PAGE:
Stability at Speed
At first, on soft steep groomers, we were surprised at how this relatively soft ski held an edge and didn't chatter. After bringing it up to speed, however, our fears about the ski's flexibility were realized. There is a continuous flap at the tips, as well as a general sense that it was not designed for high speeds. We also noted a feeling of discomfort around its construction; it skis much shorter than its advertised length, and we regularly felt like we were about to go over the handlebars at higher speeds.
The rebound we love about this ski made it feel fun in a carved turn, but only if the snow was consistent and forgiving enough to allow us to build the speed to make it pop. Given the relatively narrow 90-millimeter waist, the Captis Birdie feels fluid and fast when moving from one edge to the other. We agree that the 18-meter turn radius seems accurate, though because the ski is so pliable, we could bend it into a tighter turn if we felt comfortable building the forces to do so (which wasn't often).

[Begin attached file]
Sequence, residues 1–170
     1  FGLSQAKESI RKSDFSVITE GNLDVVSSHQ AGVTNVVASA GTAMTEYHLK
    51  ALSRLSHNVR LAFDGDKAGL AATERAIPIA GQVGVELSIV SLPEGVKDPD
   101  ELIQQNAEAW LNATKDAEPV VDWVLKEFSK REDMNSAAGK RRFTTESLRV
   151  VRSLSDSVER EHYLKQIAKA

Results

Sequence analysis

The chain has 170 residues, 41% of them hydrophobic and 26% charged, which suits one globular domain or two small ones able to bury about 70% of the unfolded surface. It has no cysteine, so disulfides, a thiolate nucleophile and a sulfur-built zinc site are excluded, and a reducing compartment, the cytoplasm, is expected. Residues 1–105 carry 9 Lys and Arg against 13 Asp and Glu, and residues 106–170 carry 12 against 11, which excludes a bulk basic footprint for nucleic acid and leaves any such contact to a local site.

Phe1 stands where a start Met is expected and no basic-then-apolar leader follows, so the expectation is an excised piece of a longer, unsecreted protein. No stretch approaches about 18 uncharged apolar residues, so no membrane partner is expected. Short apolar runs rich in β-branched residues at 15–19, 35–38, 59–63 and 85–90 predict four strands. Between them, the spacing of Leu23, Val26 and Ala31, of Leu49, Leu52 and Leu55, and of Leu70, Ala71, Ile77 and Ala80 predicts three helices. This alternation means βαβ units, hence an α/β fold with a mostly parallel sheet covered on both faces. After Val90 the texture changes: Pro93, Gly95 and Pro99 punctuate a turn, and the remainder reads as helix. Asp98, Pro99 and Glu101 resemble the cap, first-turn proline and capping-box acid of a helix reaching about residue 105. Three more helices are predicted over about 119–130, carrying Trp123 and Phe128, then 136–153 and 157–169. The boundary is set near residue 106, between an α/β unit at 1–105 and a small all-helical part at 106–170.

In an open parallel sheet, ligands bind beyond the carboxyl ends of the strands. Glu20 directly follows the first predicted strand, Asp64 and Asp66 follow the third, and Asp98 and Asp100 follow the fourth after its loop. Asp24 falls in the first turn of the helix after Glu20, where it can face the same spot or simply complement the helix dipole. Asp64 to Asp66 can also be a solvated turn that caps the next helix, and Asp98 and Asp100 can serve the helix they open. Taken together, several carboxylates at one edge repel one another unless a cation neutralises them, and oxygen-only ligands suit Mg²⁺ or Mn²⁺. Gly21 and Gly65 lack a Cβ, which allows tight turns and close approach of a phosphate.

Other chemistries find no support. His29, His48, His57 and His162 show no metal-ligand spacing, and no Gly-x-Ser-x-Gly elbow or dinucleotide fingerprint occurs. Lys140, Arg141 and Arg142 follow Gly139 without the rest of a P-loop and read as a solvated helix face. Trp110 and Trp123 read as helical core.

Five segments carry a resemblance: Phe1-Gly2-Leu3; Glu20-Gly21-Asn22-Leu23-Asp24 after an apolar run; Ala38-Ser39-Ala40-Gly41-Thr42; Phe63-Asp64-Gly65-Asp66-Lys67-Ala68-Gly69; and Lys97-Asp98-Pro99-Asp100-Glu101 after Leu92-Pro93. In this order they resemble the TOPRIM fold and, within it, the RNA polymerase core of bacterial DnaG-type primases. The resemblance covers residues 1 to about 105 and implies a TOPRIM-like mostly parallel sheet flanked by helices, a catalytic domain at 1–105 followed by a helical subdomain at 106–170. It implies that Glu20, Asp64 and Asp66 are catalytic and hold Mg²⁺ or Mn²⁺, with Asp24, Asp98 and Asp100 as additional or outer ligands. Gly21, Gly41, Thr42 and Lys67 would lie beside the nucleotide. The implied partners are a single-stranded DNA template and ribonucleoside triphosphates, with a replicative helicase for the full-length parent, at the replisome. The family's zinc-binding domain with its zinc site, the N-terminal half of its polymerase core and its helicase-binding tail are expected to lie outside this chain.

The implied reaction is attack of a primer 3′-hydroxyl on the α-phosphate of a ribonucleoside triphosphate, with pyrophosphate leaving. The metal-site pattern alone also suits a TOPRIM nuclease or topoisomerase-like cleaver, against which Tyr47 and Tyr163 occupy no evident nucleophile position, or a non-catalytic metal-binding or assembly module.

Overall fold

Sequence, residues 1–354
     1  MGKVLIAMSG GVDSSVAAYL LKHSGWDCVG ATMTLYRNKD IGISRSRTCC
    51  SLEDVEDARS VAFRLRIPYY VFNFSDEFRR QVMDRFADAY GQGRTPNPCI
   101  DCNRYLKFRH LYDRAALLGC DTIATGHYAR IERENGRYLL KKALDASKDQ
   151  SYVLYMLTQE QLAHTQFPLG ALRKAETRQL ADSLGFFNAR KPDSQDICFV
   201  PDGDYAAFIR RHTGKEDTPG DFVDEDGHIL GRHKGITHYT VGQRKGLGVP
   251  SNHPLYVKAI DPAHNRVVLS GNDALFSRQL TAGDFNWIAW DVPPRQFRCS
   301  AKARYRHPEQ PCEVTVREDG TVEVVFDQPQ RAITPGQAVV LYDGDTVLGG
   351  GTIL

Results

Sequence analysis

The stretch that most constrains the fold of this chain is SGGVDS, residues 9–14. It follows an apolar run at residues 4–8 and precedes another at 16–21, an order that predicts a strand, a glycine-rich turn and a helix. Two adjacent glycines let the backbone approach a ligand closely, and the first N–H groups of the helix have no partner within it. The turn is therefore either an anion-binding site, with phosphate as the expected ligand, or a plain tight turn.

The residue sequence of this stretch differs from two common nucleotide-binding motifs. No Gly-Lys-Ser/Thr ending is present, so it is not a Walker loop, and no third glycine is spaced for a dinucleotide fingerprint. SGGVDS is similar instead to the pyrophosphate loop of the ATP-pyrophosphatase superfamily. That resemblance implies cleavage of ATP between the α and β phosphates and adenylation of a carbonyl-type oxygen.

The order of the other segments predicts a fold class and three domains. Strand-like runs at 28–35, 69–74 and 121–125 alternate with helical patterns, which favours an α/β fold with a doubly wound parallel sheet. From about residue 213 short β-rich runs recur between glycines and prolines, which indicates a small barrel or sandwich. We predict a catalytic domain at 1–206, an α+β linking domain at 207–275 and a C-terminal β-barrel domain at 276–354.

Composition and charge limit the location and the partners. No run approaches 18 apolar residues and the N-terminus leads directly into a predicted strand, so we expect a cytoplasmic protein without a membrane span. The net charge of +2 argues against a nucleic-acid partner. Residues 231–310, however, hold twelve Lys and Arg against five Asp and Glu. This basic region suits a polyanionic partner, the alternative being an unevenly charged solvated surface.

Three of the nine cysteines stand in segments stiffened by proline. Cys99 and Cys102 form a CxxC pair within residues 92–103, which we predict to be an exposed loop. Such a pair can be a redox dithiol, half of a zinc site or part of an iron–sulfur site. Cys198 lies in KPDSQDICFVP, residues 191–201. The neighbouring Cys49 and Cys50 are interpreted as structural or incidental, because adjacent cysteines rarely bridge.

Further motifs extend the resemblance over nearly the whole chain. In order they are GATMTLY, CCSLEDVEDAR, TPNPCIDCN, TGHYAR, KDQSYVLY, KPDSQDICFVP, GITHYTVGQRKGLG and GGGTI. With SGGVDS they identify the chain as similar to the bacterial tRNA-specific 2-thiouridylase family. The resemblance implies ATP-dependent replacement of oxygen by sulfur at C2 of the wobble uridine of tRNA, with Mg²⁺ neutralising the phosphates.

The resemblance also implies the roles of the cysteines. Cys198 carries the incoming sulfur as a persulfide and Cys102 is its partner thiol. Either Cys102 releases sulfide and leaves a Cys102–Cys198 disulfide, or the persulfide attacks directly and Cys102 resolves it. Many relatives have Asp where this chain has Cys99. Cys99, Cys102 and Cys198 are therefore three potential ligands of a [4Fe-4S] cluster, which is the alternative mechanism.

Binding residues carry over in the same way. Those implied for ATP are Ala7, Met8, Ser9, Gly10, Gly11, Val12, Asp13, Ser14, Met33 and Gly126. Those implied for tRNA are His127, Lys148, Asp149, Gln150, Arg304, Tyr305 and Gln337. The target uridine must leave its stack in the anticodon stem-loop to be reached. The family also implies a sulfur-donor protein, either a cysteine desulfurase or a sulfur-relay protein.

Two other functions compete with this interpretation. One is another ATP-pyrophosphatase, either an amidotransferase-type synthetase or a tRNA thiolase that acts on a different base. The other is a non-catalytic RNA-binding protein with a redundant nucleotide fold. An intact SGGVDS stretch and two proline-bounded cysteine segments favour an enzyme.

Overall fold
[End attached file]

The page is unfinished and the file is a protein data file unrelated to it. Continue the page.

While the Captis Birdie is one of the narrower skis in the range of "all-mountain" with a 90-millimeter waist, we don't believe that fact alone excuses its lack of prowess in this metric. It was understandable that it flounders in heavier snow, but even when we took it out in six inches of blower pow, it couldn't stay on track.
This ski is simply not adept at handling variable snow conditions. We found ourselves getting bucked around all over the place, even in what should have been manageable chop. It is too soft to plow through and unpredictable in the way it reacts to any undulations.
In this one metric, in particular, the Captis Birdie captured our hearts. We loved the spring-back it gave us when we pressured and released them; it was more pronounced on this ski than on many in our review. The tricky part was that we needed to be on consistent, forgiving snow in order to feel confident building the speed and forces necessary to make this pop happen. The Captis Birdie is super lightweight and is very easy to get airborne, but again we wanted to make sure our landing was going to be very soft and gentle before committing to it on this ski.
A ski that likes to butter the snow and pivot quickly, the Captis Birdie is an enjoyable and easy ride through the moguls. In this terrain, its ability to change edges quickly, bend easily, and move nimbly allow it to thrive. Once again, however, it could only handle a mogul field with bumps cushioned by soft and predictable snow; anything too deep, hard, or chunky would send us flying in unknown directions.
While this ski is fairly affordable, it doesn't provide the value in versatility that we would prefer for a one ski quiver.
The Captis Birdie could be a fun, playful option for lower-level skiers who want to stay almost entirely on groomed runs, but it should not be considered an all-mountain charger.
— Renee McCormack